7 year olds asthma

Hi, my 7 year old son was diagnosed last summer. At first he was on 50ml but his cough is persistant so he was upped to 125. The cough is still on going, it is like he is constantly clearing his throat and if he gets upset, then it is a really hacking cough. I'm loath to see my GP again, as all he seems to do is up his medication, apart from the first time I took him, he hasn't even listened to his chest! A part of me is even beggining to wonder if it is asthma at all!!! Anyone got any usfull tips for me? thanks

3 Replies

oldestnewest
  • I'm sorry to hear that your son is poorly controlled with his asthma at present. I've read your post and I think that you mean he is on 50 mcgs and was upped to 125 mcgs. This would lend me to think he was taking fluticasone (flixotide), as this is the step up doses for this medication.

    Unfortunately you don't provide enough information in your post for me to pass comment on his management, and in no way should I attempt to replace your health care provider. Do you have an asthma nurse at your surgery to discuss your concerns with?

    I have a couple of comments for you to think about and discuss with your GP/asthma nurse. Does his cough improve with his salbutamol inhaler (reliever-blue)? If it does help, are you giving regular doses for relief? Does he seem to always have blocked noses, or nasal discharge, or sneezing itchy nose?- coughing can be caused from mucous sliding down the back of the throat, and not from the chest. Have you been taught correct inhaler technique from a qualified professional with an appropriate spacer (volumatic or aerochamber). Are you giving his 125 mcgs inhaler every morning and every night? Has your son had peak flow readings attempted? Some children can easily manage this simple test at your sons' age.

    As an asthma nurse, I often see patients that sometimes simple measures can make a huge dfference. This is NEVER the patients fault, but a lack of education from health care staff. You are clearly questioning your son's diagnosis, and this is lending me to think that he has at no point improved since his diagnosis. I strongly suggest you return to your GP or asthma nurse for help.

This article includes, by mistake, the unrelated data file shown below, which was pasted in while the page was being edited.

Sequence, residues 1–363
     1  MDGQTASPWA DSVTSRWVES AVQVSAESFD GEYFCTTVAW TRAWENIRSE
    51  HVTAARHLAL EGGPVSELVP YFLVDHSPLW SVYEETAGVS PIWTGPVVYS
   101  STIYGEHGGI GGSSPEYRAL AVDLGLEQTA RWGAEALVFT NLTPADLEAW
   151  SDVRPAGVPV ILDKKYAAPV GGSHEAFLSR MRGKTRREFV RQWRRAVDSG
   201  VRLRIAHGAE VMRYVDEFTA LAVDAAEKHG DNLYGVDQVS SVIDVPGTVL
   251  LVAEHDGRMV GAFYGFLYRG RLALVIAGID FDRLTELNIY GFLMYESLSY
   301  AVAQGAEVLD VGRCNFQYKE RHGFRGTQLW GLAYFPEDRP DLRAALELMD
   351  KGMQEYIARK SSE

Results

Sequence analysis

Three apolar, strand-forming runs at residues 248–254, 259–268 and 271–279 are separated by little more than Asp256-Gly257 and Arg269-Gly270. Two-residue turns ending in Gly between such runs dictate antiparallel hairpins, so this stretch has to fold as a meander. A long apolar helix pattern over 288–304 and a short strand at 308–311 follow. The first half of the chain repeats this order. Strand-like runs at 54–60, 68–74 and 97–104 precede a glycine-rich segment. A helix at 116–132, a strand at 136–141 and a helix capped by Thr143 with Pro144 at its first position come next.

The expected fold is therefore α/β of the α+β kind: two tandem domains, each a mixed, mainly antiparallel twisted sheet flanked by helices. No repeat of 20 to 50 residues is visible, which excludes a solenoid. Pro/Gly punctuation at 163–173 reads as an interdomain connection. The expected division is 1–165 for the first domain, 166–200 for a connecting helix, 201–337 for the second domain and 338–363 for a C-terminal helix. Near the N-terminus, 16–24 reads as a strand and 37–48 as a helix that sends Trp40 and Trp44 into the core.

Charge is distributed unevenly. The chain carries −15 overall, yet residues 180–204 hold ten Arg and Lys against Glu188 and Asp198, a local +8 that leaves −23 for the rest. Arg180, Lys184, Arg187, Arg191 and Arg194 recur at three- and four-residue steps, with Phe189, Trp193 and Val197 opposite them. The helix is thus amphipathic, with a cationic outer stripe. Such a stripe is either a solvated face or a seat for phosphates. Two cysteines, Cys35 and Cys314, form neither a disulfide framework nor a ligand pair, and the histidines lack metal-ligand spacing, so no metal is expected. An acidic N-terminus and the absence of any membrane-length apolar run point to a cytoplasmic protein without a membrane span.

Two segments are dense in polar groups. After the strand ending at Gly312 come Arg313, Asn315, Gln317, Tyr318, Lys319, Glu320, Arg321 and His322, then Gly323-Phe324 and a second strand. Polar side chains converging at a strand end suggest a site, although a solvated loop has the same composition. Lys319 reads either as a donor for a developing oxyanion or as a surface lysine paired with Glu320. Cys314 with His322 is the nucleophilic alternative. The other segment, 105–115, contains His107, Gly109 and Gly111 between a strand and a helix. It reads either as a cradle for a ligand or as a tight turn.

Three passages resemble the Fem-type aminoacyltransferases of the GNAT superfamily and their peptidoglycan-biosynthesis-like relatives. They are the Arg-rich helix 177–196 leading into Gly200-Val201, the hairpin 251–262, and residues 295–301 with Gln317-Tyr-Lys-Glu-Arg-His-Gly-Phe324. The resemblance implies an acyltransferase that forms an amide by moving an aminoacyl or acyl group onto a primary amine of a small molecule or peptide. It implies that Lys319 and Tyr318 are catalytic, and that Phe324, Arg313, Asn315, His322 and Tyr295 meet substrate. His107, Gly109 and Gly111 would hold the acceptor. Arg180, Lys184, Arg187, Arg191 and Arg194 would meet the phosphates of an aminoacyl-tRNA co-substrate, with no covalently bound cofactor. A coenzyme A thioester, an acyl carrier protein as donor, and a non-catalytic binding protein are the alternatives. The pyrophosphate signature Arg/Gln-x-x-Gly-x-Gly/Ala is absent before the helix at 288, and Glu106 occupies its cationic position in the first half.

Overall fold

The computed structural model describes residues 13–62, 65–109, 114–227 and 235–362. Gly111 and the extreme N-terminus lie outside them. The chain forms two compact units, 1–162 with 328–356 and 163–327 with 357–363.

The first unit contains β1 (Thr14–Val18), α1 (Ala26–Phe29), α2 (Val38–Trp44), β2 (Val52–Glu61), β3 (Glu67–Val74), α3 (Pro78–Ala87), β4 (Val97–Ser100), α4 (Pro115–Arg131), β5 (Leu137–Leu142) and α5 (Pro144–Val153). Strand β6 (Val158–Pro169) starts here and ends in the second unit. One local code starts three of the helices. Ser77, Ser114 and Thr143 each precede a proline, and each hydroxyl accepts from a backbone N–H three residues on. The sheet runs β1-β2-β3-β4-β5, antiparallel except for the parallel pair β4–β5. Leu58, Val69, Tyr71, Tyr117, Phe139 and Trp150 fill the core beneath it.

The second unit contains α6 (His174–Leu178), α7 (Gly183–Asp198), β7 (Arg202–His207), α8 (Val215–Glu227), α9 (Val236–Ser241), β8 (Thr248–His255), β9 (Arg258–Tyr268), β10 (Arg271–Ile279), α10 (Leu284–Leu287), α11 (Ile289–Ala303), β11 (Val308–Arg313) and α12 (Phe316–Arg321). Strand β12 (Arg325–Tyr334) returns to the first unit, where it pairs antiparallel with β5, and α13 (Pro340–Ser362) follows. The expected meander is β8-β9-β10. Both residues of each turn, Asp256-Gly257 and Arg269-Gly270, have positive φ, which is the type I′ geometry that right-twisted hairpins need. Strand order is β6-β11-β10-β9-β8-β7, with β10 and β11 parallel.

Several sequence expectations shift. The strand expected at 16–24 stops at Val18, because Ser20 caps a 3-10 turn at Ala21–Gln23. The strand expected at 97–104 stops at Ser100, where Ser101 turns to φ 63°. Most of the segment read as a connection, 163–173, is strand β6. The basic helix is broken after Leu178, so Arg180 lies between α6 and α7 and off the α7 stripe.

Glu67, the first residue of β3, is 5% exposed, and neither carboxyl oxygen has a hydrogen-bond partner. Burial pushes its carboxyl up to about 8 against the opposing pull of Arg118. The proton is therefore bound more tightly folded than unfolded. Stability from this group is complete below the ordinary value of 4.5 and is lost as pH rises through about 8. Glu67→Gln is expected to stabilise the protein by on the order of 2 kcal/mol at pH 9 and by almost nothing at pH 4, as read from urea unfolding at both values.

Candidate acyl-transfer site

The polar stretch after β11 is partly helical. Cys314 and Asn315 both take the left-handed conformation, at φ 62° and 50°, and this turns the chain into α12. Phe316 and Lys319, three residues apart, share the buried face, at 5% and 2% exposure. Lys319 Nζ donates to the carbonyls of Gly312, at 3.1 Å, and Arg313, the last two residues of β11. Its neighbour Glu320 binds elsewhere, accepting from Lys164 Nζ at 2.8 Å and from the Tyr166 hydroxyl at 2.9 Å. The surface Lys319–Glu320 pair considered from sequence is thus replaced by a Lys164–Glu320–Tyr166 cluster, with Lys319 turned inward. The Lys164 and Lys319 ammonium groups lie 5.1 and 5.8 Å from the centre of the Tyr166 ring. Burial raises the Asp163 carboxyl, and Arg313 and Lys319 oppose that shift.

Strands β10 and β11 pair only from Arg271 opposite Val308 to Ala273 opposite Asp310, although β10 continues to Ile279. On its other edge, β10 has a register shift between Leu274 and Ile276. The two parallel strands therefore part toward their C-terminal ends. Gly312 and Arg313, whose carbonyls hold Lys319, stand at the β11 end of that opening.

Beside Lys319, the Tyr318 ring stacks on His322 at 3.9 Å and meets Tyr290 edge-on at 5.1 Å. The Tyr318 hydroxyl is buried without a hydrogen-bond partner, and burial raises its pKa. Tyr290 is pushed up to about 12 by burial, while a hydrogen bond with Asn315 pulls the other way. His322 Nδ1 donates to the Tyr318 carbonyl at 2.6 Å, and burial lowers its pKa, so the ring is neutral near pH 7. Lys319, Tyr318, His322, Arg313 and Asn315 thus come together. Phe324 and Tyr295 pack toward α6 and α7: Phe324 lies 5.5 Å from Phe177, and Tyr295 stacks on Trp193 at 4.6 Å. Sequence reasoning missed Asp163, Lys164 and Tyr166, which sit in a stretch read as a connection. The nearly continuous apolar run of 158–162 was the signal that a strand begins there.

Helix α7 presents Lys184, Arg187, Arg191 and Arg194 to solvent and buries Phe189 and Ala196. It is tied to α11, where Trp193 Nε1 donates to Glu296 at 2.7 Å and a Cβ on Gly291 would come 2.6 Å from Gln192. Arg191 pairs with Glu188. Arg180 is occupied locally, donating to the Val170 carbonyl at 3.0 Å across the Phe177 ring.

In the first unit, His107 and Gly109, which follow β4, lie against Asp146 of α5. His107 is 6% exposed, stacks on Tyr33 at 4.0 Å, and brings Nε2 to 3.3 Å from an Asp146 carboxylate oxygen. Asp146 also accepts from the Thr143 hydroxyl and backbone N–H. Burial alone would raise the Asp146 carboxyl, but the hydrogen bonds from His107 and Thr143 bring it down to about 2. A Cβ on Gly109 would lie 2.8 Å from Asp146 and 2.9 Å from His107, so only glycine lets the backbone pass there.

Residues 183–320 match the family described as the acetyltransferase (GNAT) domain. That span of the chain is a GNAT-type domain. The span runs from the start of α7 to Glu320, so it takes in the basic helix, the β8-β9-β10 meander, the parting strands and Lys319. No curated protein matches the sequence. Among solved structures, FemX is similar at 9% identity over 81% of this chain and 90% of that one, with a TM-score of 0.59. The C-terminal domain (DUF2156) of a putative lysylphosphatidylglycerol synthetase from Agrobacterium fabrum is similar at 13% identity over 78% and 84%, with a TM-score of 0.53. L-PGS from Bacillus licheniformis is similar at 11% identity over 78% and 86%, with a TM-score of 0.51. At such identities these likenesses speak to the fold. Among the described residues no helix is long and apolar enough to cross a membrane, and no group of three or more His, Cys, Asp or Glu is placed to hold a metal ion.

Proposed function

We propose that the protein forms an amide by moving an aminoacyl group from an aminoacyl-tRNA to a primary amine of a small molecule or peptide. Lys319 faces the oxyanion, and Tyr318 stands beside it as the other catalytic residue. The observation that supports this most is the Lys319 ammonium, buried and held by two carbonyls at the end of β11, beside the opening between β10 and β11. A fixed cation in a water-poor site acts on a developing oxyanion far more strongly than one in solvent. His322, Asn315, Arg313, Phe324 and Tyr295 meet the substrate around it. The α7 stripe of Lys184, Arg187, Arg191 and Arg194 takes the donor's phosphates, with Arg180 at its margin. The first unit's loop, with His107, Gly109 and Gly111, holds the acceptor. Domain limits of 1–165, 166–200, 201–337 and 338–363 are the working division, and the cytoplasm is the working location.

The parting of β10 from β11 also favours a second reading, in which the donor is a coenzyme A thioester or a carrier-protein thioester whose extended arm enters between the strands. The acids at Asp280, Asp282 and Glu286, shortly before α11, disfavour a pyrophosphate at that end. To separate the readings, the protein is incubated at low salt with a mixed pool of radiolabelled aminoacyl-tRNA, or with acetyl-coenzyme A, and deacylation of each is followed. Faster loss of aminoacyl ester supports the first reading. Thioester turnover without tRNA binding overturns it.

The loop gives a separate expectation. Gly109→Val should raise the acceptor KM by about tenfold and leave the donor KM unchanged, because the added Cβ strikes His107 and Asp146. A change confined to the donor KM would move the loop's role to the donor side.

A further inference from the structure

Children not improving on appropriate treatment usually have 3 issues. Poor inhaler technique, not having their inhalers adminstered as prescribed (i.e. twice daily), or incorrect diagnosis. This is of course a sweeping statement based on my experience, and I don't know all the specifics to your son's care, but the first two can be easily sorted with support. Please don't be afraid to return to your GP. You have the right to ask questions and the right to say no to further medication increases without a good rationale.

    Best Wishes

  • What medication is your son on? This will help us be able to give you better advice. But from the information you have given I would say he needs to us his relieve 10 mins before the preventor so the steriod can start doing their job better. If this doesn't help then he might need different inhalers or a stronger dosagers. Also try and get him to sleep laid sat up more and see if that helps. Does he suffer from hayfever? If not then it might be worth experimenting with an anti-histomene like piriton and see if that helps with the asthma symptoms as it could be the pollen that is in the air that is affecting as well. Not sure what else I can recommended other than going back to your doctor and explain what is happening and that the inahlers don't seem to be working liek they should

  • Surprised that doctor doesnt listen to his chest! I always go in and say 'would you mind just listening to my son's chest because he's wheezy/I think he's got a chest infection/his peak flow is bad etc'! The doctors we see ALWAYS listen to his chest (and mine when I go with asthma etc). If you're not happy with your GP ask to see another one. Good luck and I hope your son gets better.

You may also like...